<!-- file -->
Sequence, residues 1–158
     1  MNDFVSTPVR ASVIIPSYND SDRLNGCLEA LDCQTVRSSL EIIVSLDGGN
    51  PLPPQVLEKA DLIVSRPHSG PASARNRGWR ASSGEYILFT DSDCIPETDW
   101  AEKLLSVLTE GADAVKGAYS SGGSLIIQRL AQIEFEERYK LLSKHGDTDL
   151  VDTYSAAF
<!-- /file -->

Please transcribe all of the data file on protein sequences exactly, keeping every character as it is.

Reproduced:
Sequence, residues 1–158
     1  MNDFVSTPVR ASVIIPSYND SDRLNGCLEA LDCQTVRSSL EIIVSLDGGN
    51  PLPPQVLEKA DLIVSRPHSG PASARNRGWR ASSGEYILFT DSDCIPETDW
   101  AEKLLSVLTE GADAVKGAYS SGGSLIIQRL AQIEFEERYK LLSKHGDTDL
   151  VDTYSAAF